The remanding judge dismissed Tufariello's contention that sufficient credible evidence had been presented to require the grant of the variance without a remand. Implicit in his determination that five of the findings contained in the council's resolution were without support in the record would be the conclusion that the remainder of its findings had adequate factual support. He arrived at no conclusion as to whether these, standing alone, afforded legally adequate support for the council's action. However, had he been satisfied that the findings of the council were either irrelevant or rebutted by other evidence, he could have simply reversed and directed that a variance issue, or reversed and remanded to the council for a resolution founded on the record. Verona, Inc. v. Mayor, etc., of West Caldwell, supra , at p. 285. In view of the remand, we can only conclude that he felt the cited elements to be highly relevant, and that a fair determination could not be made absent the taking of the additional testimony. We have read the additional testimony and cannot say that it was immaterial or surplusage. We say this notwithstanding
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that we are impressed by the proofs adduced in support of the variance and the findings on which the board based its favorable recommendation.
When the court determines that the interests of justice call for a remand, it is made to the board for the taking of the additional testimony and reconsideration of the matter in the light of all the testimony. Kempner v. Edison Tp., supra , 54 N.J. Super. , at p. 418. Where, as here, the composition of the board had changed, the proper procedure would have been to remand the entire case for a de novo hearing. Ibid. It was in an attempt to spare the parties the burden of a de novo hearing that the court erroneously directed that the remand be only a limited one.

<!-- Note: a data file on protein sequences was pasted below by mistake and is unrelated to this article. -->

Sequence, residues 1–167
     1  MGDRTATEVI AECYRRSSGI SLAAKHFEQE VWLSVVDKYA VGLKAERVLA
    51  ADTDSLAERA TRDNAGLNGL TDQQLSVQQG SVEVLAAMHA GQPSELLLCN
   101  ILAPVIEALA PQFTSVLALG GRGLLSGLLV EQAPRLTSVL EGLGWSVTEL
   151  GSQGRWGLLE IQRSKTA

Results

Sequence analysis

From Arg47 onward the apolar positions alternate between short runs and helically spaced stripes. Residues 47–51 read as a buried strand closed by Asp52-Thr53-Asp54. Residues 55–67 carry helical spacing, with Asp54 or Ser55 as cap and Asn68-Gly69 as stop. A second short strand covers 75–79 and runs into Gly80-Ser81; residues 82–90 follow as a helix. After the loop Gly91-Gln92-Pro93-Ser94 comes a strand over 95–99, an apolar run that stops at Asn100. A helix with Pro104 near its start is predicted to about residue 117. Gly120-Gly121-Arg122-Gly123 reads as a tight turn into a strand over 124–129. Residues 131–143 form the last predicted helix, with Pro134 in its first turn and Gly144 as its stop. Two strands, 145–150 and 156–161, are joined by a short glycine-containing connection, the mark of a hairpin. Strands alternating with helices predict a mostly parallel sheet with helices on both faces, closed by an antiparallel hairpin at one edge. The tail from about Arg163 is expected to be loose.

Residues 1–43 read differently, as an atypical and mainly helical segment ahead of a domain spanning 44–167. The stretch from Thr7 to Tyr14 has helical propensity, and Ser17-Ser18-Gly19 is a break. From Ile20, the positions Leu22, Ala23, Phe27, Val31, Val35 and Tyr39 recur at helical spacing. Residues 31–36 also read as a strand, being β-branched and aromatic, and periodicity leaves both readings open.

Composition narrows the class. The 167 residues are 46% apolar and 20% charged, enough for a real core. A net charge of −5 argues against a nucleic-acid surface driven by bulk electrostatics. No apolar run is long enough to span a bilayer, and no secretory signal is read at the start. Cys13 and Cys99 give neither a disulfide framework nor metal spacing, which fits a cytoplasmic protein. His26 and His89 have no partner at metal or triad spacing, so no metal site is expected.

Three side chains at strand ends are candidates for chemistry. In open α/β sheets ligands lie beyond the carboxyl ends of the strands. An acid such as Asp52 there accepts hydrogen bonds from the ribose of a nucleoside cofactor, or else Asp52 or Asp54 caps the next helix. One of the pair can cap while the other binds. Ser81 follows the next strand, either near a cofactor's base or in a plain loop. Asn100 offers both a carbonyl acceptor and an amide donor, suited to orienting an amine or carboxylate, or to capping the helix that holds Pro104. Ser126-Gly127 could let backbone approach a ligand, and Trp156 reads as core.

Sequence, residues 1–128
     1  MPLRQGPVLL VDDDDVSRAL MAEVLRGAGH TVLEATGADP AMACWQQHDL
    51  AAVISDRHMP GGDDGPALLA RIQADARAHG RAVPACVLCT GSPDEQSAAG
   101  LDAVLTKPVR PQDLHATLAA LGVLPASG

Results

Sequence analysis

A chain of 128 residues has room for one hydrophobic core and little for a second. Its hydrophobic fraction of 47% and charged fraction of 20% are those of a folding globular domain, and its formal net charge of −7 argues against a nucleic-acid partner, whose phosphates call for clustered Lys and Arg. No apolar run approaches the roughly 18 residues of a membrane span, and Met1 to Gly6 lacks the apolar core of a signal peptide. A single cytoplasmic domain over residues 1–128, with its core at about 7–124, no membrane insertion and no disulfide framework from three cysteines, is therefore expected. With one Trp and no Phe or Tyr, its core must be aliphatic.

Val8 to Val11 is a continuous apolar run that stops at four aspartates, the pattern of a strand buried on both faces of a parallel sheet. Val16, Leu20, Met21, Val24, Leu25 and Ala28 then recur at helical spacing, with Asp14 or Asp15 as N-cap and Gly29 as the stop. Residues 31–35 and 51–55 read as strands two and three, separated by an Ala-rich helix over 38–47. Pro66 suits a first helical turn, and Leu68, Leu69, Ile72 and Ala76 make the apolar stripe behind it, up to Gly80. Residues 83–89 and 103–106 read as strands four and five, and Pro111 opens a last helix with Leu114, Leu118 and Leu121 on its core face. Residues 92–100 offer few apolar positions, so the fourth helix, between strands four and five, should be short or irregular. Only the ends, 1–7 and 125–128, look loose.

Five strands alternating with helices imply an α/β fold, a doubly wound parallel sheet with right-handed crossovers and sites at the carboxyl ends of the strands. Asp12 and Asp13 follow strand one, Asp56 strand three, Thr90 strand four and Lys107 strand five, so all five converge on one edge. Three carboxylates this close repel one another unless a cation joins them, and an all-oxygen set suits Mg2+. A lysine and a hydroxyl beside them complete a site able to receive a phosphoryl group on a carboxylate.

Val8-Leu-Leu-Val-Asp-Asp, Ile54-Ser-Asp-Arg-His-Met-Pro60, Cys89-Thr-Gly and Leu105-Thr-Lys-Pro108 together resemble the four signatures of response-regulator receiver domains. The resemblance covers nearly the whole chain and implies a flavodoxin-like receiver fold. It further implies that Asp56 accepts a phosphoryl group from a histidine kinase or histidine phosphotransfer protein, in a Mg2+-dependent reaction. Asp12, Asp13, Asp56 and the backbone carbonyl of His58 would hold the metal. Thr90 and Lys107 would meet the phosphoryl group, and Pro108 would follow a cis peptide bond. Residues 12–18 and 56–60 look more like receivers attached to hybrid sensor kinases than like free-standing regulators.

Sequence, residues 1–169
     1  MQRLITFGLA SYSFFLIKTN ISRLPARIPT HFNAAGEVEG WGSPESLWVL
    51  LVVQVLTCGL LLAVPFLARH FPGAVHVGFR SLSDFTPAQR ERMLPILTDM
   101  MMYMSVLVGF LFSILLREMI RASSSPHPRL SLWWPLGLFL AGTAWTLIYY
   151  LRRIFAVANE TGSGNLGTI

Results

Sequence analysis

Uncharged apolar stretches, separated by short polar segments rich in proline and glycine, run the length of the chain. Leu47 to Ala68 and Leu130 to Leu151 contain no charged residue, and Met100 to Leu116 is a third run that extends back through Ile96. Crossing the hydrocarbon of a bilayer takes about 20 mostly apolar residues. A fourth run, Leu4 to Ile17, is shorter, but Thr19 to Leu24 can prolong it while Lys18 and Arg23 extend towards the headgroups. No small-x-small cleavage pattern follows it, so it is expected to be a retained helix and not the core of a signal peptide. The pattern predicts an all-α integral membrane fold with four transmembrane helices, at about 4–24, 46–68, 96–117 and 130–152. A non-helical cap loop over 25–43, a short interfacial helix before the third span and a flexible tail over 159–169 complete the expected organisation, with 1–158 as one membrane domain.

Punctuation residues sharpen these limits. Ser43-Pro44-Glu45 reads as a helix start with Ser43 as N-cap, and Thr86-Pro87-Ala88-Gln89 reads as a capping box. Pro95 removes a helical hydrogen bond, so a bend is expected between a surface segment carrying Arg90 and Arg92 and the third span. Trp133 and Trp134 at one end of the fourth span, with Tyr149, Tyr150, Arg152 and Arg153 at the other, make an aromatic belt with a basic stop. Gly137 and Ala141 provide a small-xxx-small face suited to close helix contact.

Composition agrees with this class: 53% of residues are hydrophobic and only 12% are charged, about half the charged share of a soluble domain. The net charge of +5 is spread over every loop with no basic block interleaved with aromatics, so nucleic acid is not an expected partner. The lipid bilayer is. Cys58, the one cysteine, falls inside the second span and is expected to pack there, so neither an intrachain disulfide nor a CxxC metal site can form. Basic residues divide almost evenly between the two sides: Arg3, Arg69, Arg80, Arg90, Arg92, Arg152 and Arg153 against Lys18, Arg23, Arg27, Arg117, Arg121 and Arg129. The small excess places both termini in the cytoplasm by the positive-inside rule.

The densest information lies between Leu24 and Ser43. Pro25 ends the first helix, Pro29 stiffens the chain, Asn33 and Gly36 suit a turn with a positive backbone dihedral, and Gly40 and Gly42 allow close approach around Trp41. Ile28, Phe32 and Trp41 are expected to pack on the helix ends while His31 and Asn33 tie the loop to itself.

It is evident that the council did not give the new testimony much weight since the one councilman who changed his vote to make up the new majority did not rely on it. Moreover, as noted, the council predicated its decision on the reasons originally given by the board in recommending the variance. Had the board been given the opportunity to conduct a de novo hearing, it may well have altered its findings and recommendations. More importantly, the council would then have had the benefit of its statutory right to the board's recommendation and findings.
Finally, defendant argues that there should have been no remand in the first place, that the trial judge should have ordered that the variance be granted instead of remanding and that, therefore, we should ignore the new testimony and affirm. While this position would have substantial merit had no remand been ordered, the fact is that one was ordered and testimony was taken thereunder. We are thus left with no alternative but to decide the case on that basis.
In light of the above, we are satisfied that the judgment of the Law Division must be reversed, but without prejudice to the submission of a new application for a variance should defendant desire to do so. Accordingly, we find it unnecessary to pass upon the remaining points raised by appellants.